Rating agency A.M. Best has said that major hurricane Maria puts Caribbean and Puerto Rico insurance firms at risk and that the storm will test their financial strength.
Hurricane Maria is approaching Puerto Rico with category 5 winds of 155 mph and higher gusts. The hurricane has left another trail of devastation as it passed through the Caribbean, raising the prospects of further losses for regional insurers and their reinsurance capacity providers.
Being the second major hurricane to pass through the Caribbean in quick succession not only heightens the risk to their financial strength, but could also complicate the claims process for re/insurers.
A.M. Best explained; “The effects if this Category 5 hurricane could be devastating to insurers and reinsurers, as the track that Hurricane Maria takes could hit areas with higher insured values, and that areas that already have sustained damages due to Hurricane Irma may suffer further damage, which would lead to concerns about which event was responsible for which damage.”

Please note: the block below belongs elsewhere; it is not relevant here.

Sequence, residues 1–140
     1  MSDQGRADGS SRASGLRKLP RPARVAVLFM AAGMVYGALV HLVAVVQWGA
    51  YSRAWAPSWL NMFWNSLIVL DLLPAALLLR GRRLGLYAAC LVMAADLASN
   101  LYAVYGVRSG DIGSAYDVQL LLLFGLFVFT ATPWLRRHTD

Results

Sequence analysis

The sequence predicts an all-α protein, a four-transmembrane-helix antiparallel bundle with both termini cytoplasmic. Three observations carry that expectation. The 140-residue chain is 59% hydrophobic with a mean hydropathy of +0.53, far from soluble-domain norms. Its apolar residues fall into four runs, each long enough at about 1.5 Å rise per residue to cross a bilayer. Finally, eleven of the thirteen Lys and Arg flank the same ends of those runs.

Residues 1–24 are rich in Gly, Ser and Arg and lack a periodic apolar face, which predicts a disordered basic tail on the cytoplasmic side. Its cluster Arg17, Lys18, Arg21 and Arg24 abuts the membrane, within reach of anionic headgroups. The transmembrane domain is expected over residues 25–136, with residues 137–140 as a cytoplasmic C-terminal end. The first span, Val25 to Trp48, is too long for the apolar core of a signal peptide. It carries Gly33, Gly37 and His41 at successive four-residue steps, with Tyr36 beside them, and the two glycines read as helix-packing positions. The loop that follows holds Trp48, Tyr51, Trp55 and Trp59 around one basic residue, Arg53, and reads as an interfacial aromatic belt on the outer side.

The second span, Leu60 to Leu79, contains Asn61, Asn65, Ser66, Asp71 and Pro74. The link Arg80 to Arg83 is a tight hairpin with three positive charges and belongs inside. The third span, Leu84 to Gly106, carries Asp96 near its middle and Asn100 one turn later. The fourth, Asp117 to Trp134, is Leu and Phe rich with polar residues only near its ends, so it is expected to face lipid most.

The rating agency also noted that a second major storm could mean issues in reinstating reinsurance protection for a future third, if the layer had already been eroded twice.
“Reinsurance limits after Hurricane Irma need to be reinstated, and although most companies have automatic reinstatement coverage to protect against a second event, not all companies are prepared to cover a third,” A.M. Best said.
There are also issues related to profit commissions to consider, with A.M. Best stating that; “Many catastrophe reinsurance contracts also feature profit-sharing provisions, whereby a percentage of underwriting profit is returned back to the ceding company. Several companies with exposures to Hurricane Irma have already lost millions of dollars in profit commissions due to last year’s Hurricane Matthew, and likely will lose millions more as a result of hurricanes this year.”
Following a year with multiple major hurricanes, A.M. Best also suggests that reinsurance rates for carriers in the region could rise going forwards.
Hurricane Maria does not seem to be a typical modelled event, the rating agency says, meaning that while most companies are well-protected there is a chance of outsized losses for exposed insurers and reinsurers.